Local weather watchers have been dutifully documenting San Antonio’s temperature, precipitation, and other climate data for 140 years. If you’re curious how this year’s drought compares to past dry spells, meteorologist Robert Blaha with the National Weather Service has done you a huge favor.
Blaha helped dig up old climate records and published monthly rainfall totals for San Antonio going back to 1871. I stumbled across this interesting piece of the city’s weather history while helping out with a story about the drought, and I made this interactive chart based on the data. (There are a few gaps in the rainfall totals in the 1800s, so the chart starts at a nice round number — the year 1900.)
“We were able to find the records,” Blaha told me. “In the 1800s, they hand wrote (the climate data) in ink. It was in a paperback book. When I came here in 1975, they were in notebook format. In 2050, they’ll be in the format of that day.”
Blaha said the rainfall gauge in San Antonio has changed locations over the years. In the early days it was at a co-op station and then moved to Fort Sam Houston. In 1891 it moved to a downtown office building. Somewhere along the line it was at Stinson Field. In the 1940s it moved to the San Antonio International Airport and stayed there ever since.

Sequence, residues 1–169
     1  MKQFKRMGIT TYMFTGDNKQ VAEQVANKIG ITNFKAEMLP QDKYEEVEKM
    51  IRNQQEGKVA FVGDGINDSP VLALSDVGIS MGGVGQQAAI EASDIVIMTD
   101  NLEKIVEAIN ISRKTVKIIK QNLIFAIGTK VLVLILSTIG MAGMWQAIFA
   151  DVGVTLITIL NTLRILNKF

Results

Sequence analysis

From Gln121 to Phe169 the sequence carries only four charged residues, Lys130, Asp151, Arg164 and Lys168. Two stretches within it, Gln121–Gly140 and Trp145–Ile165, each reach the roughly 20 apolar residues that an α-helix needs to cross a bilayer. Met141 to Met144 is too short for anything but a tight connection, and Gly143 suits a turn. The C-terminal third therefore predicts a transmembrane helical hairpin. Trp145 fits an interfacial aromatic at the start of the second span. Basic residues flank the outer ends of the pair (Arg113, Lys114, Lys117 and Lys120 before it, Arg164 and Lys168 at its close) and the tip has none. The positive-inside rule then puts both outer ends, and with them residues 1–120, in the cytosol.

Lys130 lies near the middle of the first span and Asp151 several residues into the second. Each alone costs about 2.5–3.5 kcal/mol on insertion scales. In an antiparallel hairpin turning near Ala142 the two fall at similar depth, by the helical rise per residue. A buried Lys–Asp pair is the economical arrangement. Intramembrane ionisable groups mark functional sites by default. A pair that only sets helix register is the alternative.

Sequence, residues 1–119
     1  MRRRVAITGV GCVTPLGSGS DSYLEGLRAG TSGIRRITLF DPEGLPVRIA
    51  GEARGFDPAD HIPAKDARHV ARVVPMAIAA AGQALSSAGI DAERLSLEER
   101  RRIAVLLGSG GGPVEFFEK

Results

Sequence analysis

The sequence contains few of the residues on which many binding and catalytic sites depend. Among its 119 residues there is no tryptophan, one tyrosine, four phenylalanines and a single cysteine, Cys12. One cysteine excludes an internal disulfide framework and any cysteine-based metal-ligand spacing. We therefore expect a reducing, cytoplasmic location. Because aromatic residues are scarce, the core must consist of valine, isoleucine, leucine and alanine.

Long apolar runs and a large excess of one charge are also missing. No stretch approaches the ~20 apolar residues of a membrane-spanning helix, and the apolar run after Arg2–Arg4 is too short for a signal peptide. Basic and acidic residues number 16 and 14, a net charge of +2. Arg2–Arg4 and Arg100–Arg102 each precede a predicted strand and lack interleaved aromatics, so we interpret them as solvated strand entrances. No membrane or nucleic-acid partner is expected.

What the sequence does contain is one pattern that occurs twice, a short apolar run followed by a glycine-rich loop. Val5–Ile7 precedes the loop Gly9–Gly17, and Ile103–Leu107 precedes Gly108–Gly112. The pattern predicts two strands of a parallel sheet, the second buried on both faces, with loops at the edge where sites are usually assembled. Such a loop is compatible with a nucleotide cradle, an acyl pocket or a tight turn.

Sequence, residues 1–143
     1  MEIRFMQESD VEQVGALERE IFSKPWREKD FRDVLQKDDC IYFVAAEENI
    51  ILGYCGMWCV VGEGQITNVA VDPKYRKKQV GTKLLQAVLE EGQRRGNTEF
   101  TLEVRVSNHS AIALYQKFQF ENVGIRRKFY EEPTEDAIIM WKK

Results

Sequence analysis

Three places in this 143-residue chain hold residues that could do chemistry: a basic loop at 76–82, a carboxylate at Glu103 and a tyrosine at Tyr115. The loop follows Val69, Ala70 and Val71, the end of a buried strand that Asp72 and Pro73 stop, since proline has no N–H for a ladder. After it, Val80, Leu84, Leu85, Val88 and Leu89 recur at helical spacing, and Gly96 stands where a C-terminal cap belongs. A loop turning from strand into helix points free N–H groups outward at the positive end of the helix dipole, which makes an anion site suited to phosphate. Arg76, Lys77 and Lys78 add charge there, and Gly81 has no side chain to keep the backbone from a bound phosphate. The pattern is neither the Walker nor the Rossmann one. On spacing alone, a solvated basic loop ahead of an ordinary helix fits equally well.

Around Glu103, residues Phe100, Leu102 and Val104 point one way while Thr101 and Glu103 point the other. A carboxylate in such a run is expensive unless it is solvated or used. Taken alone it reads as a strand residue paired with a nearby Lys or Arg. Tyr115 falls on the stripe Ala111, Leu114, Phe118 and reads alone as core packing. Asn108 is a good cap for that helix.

All that work helps us compare this year’s drought to past dry spells. This year, we’ve received 5.6 inches of rain so far in San Antonio. That’s about half the total precipitation for the lowest year on record since 1900, when it rained 10 inches in 1917.
In 2010 it looks like we got quite a bit of rain –37.4 inches. But click on the monthly figures for 2010 and 2011. The data show that September 2010 was our last significant taste of rain.
In the nine months since then, we’ve barely gotten anything.
(Photo credit: Terry Shuck on Flickr)